Dr. Mark is a veterinarian. He has been working with dogs for more than 40 years.
Why Is My Dog Acting Depressed and Refusing to Interact With Her Puppies?
"Our Lab gave birth to 12 puppies 4 weeks ago. Everything was going well until today. Momma is extremely lethargic, and she's not eating at all and drinking very little. She was with her puppies all night but not at all today. Any thoughts or suggestions?" —Vickie
Complications in Dogs After Giving Birth
Your dog may just be suffering from postpartum depression, but to make sure there's nothing else going on, the first thing to do is to take her to your regular veterinarian to have a physical exam and a complete blood count (CBC).
She should also be checked for parasites at that time since some mothers will have anemia from worms, which can be taken care of easily.
Retained Placenta and Uterine Infection
The CBC will tell your veterinarian if the lethargy is being caused by a retained placenta and a secondary uterine infection. A retained placenta would normally cause problems in the first week, but if the cervix is closed she will develop a uterine infection. That infection can be life-threatening.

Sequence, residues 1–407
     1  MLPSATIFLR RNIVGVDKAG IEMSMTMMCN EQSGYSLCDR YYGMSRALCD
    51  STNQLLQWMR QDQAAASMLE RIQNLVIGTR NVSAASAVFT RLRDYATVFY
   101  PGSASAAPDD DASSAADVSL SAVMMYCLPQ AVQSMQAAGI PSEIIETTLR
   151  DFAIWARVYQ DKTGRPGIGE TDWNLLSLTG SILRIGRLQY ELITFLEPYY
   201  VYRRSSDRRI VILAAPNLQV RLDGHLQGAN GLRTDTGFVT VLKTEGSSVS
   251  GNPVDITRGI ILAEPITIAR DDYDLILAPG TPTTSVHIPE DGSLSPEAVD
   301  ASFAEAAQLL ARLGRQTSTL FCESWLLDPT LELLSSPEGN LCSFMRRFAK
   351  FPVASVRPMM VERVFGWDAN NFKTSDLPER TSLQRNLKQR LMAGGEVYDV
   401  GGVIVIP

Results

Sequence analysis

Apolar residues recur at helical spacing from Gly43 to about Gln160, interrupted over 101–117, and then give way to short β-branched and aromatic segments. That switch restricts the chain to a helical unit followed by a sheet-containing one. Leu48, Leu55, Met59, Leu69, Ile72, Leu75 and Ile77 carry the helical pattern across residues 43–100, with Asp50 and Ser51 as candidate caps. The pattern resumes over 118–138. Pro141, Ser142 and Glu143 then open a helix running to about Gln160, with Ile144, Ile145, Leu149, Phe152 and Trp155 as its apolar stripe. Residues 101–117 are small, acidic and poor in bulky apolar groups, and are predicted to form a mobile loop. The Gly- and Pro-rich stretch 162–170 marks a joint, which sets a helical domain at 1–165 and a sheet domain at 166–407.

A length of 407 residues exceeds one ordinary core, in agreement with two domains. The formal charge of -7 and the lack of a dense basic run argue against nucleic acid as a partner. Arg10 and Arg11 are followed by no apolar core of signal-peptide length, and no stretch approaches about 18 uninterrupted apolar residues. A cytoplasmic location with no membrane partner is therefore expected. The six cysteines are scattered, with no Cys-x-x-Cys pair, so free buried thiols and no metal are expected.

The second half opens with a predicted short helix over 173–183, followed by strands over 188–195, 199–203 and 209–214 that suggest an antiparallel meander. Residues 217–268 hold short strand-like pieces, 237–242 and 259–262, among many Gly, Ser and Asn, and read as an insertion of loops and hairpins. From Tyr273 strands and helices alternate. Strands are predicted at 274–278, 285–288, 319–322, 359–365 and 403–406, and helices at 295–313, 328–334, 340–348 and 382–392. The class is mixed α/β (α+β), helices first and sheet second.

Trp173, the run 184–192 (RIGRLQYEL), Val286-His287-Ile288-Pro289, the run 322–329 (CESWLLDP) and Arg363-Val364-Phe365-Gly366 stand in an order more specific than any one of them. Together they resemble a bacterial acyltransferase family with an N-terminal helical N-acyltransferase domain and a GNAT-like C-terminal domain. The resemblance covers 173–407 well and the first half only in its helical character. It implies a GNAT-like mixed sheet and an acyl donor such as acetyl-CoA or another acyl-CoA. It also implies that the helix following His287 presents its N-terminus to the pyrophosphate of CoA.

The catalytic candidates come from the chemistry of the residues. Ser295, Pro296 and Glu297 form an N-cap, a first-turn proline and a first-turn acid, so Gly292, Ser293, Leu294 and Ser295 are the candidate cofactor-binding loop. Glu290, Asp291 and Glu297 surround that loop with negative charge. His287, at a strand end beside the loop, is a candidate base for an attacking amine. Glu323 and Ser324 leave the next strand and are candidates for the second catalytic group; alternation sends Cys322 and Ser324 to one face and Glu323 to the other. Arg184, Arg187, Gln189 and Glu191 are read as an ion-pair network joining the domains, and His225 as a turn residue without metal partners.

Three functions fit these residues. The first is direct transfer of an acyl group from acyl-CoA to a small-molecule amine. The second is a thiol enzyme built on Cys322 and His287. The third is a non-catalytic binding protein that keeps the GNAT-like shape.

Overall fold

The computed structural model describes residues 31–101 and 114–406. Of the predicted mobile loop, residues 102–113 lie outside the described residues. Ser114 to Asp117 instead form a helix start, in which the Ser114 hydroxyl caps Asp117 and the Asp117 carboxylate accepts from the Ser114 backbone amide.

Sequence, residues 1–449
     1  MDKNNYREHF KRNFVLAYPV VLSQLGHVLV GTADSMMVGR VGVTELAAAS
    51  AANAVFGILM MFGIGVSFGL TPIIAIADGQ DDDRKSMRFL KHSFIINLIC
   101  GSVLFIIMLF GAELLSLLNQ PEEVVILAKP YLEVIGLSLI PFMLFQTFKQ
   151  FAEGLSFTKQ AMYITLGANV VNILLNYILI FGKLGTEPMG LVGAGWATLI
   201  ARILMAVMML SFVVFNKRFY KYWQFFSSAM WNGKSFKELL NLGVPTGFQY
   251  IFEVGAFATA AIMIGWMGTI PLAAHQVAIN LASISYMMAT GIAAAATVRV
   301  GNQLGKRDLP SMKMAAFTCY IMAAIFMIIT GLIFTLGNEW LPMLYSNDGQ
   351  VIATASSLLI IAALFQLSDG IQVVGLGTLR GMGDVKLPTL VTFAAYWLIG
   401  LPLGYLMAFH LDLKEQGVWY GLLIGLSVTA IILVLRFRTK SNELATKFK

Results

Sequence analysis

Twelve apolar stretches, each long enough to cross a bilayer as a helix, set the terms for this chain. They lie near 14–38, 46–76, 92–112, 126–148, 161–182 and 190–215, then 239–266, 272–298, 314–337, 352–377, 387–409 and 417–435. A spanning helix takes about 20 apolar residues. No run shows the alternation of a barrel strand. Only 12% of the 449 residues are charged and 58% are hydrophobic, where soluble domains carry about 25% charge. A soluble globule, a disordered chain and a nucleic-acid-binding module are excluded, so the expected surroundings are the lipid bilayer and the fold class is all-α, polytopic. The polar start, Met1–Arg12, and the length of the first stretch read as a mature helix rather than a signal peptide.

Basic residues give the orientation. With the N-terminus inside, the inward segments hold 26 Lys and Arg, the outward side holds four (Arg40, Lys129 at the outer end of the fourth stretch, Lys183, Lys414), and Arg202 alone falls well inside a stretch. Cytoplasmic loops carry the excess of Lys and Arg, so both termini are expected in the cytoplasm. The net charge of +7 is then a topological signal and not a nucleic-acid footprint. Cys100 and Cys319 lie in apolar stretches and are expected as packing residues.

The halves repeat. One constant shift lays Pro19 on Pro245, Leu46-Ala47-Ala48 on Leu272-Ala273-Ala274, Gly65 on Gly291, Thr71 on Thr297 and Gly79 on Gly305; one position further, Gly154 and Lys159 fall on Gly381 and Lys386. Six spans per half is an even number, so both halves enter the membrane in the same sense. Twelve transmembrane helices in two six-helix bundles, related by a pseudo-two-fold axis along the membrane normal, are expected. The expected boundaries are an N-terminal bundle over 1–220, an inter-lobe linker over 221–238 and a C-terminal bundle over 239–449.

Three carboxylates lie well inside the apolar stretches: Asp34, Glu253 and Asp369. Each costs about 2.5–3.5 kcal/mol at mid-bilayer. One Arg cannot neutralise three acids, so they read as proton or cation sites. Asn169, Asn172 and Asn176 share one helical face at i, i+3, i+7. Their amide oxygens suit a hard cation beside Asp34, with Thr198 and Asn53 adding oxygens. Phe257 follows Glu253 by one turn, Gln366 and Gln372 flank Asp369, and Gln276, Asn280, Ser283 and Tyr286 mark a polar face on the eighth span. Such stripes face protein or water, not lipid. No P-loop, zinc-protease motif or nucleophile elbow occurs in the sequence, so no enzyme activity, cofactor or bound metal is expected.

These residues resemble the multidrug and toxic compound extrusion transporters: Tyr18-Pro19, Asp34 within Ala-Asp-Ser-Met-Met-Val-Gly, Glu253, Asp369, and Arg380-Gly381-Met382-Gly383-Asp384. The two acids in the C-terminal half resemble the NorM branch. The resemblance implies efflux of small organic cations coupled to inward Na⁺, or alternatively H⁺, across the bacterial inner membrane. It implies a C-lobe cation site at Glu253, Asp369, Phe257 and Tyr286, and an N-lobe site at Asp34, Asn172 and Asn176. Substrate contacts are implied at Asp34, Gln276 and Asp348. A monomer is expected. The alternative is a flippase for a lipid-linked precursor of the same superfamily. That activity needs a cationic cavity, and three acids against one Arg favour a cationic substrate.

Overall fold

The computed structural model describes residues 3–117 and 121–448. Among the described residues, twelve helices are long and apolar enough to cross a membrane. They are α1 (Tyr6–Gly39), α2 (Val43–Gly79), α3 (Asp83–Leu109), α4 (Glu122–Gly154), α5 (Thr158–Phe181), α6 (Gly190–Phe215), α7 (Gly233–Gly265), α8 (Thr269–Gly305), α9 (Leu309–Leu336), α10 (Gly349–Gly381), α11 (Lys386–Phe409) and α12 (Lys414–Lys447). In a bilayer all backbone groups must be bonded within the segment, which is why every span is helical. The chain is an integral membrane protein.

Postpartum Depression in Dogs
If everything is okay at the vet, then you need to consider that she has depression secondary to the puppies. This is not a normal condition in dogs, but it does happen.
The puppies at that age start getting rambunctious, the teeth are sharp and painful, and many moms just want to get away. Puppies that age will jump out of the whelping box and not give her a chance to rest.
How to Care for Puppies With an Absent Dam
If the exam is okay, things do tend to get better. While the momma dog is out of commission, make sure that the puppies are being fed at least four times a day. Mix some puppy food with milk replacer and provide enough bowls so that the puppies do not need to fight for a spot.
Tips for Helping a Dog With Postpartum Depression
If the exam is normal and your dog is suffering from depression, it will often go away in a few weeks. Here are some tips to get her to eat in the meantime. You may also want to talk to your veterinarian about a prescription for anxiety.
This article is not meant to substitute for diagnosis, prognosis, treatment, prescription, or formal and individualized advice from your veterinarian. Animals exhibiting signs and symptoms of distress should be seen by a veterinarian immediately.
© 2022 Mark dos Anjos DVM